Trino nation, we want to hear from you! If you have a question or pull request
that you would like us to feature on the show please join the
Trino slack, and go to the #trino-community-broadcast channel
and let us know there. Otherwise, you can message Manfred Moser or Brian Olsen
directly. Also, feel free to reach out to us on our Twitter channels Brian
@bitsondatadev and Manfred
If you want to show us some 💕, please give us a ⭐ on GitHub.
In this week’s concept, Manfred discusses Hive Partitioning.
Concept from RDBMS systems implemented in HDFS
Normally just multiple files in a directory per table
Lots of different file formats, but always one directory
Partitioning creates nested directories
Needs to be set up at start of table creation
Uses WITH ( partitioned_by = ARRAY[‘date’])
Results in tablename/date=2020-11-19
Can also nest deeper WITH ( partitioned_by = ARRAY[‘date’, ‘countrycode’])
Can greatly enhance performance
Optimizer can determine what directories to read based on field
Especially useful when fields are used in WHERE clauses
Also useful for historic data management over time such as moving data out
to archive, deleting data, or replacing data with aggregates, or even just
running compaction on subsets
Presto can use DELETE on partitions using DELTE FROM table WHERE date=value
Also possible to create empty partitions upfront CALL system.create_empty_partition
In this week’s pull request https://github.com/trinodb/trino/pull/223,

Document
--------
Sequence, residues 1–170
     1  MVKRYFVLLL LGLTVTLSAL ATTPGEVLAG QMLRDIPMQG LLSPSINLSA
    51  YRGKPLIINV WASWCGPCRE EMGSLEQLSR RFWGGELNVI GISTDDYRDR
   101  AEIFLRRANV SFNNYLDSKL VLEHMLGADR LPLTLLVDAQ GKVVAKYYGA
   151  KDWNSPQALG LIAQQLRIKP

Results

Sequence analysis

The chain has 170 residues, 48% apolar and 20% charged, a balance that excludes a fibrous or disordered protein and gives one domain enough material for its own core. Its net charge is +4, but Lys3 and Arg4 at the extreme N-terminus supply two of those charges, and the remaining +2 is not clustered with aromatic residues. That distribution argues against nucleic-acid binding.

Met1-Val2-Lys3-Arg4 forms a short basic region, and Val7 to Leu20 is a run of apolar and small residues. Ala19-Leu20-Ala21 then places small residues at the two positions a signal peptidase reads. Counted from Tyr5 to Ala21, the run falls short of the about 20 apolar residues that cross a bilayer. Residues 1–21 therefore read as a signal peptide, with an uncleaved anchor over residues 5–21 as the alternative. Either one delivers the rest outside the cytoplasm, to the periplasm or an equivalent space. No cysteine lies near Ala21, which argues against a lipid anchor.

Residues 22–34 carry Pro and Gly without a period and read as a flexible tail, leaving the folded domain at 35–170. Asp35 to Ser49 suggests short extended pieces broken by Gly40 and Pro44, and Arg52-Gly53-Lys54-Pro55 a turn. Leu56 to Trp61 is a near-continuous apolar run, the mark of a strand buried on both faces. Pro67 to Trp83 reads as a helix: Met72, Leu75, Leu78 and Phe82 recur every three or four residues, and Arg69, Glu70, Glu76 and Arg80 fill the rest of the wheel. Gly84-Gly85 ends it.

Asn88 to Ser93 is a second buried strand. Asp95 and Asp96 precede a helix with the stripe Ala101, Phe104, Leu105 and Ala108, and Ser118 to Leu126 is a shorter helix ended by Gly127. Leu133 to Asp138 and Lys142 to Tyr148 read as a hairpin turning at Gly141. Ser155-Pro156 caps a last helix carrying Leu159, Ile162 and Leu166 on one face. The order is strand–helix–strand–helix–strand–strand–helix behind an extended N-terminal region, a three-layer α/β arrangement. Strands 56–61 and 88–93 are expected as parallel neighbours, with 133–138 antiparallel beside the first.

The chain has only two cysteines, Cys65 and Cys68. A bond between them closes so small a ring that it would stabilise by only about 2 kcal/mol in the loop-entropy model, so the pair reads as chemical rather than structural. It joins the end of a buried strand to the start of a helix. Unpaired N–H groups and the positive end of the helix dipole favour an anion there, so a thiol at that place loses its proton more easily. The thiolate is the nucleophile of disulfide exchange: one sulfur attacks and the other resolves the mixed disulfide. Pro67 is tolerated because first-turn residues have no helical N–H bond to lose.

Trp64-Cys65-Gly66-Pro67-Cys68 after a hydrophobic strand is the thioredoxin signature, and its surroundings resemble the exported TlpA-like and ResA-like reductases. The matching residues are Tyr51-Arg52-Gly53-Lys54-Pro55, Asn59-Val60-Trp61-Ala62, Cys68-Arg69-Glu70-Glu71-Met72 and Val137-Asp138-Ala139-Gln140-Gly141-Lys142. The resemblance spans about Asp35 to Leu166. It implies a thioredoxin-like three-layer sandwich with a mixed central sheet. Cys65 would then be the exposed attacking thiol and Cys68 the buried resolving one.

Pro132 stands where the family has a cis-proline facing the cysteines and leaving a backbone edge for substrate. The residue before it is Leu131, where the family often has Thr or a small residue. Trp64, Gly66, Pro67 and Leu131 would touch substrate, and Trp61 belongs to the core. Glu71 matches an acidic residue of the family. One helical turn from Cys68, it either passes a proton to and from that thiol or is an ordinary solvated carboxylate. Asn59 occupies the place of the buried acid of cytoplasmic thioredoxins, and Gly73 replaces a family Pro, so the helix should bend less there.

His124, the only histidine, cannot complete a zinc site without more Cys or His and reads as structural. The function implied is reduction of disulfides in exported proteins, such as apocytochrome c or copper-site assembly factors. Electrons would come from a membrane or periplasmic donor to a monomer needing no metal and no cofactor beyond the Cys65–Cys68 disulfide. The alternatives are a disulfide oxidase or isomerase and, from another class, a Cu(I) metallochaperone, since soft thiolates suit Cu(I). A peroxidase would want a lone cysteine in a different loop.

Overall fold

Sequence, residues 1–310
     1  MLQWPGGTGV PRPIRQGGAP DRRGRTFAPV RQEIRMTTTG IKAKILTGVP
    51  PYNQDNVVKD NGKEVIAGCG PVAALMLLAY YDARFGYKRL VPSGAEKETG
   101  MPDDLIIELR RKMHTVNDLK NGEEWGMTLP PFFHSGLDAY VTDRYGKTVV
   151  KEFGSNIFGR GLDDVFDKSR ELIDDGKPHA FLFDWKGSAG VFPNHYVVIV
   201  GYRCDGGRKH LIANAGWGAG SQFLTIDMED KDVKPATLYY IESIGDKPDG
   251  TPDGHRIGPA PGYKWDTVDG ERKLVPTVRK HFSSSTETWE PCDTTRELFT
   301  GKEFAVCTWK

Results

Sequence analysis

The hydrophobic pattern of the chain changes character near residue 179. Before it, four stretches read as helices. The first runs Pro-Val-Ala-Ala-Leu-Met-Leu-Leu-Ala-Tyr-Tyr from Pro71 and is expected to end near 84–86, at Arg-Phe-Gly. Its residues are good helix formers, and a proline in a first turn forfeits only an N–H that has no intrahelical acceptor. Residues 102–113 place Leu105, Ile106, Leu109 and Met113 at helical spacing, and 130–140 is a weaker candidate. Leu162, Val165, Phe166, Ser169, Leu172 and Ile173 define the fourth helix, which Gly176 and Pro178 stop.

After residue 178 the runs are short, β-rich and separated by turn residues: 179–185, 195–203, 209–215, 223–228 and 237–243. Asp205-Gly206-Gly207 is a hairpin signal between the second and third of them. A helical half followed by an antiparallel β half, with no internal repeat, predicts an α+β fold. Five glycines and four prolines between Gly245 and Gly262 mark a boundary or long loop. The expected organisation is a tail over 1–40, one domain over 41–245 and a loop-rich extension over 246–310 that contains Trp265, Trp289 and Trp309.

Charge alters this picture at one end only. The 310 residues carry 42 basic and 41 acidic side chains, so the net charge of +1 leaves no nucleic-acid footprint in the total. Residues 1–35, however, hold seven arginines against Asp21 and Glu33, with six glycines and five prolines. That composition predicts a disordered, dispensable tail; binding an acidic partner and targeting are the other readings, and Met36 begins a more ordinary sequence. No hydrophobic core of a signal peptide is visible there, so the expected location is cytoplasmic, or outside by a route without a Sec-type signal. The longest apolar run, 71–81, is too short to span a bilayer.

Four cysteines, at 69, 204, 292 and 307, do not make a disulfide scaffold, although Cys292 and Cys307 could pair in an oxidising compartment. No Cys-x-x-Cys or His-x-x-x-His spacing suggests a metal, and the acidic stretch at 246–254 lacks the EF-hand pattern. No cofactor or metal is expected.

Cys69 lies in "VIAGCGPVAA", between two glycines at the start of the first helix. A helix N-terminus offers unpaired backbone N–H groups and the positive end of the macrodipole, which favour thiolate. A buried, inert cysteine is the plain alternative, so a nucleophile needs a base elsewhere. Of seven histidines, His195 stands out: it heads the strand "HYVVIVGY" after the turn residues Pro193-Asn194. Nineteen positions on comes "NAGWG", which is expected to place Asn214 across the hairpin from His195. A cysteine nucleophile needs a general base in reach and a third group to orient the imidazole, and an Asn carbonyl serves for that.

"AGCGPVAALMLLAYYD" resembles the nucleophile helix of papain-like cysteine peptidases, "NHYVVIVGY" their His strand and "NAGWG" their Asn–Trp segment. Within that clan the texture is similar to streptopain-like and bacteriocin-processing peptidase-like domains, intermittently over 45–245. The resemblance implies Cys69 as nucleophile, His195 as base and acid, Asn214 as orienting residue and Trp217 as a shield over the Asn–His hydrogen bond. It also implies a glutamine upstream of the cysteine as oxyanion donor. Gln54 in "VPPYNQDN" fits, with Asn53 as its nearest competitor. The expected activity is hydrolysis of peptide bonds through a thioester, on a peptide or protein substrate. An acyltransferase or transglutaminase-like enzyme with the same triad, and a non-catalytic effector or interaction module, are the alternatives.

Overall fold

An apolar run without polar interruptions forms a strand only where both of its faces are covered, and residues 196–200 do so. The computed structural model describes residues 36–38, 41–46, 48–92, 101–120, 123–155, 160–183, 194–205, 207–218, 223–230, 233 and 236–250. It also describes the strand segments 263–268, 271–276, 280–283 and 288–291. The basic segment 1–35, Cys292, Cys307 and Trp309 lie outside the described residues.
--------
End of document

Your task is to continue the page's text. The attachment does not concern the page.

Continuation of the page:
came from contributor Hao Luo. What this function
does is similar to Hive’s MSCK REPAIR TABLE
where if it finds a hive partition directory in the filesystem that exist but
no partition entry in the metastore, then it will add the entry to the
metastore. If there is an entry in the metastore but the partition was deleted
from the filesystem, then it will remove the metastore entry. You can find
more information about this procedure in the documentation.
Here are the commands and SQL I ran during the show on Presto
We ran some queries against the metastore database. It’s a complicated model so
here is a database diagram to show the different tables and their relations in
Why am I getting, “Query exceeded maximum columns. Please reduce the number
of columns referenced and re-run the query.”?
I’m running this query to check for duplicates. My table has approx. 650
columns and I get this error.
SELECT *, COUNT(1)
GROUP BY *
HAVING COUNT(1) > 1
getting a stacktrace like this
io.prestosql.spi.PrestoException: Compiler failed
at jdk.internal.reflect.GeneratedMethodAccessor480.invoke(Unknown Source)
The throwable that causes this error MethodTooLargeException comes from the ASM
library https://asm.ow2.io/ when you ask it to create a method with more
bytecode than is allowed by the JVM specification.
We try to generate code for handling given query and the code generated is too
large. Since the code is proportional to number of columns referenced, we
rewrap the exception in something more meaningful to the user.
The general strategy would be to lower the number of columns that you reference.
The problem is that in removing columns you will remove important information
to the query. For example, in the example looking for duplicates above, you
won’t be able to discard false positive duplicate matches, but this may be
good enough to help narrow the search space. As always, it depends…
To learn more about the JVM limit and search for code_length in the Java SE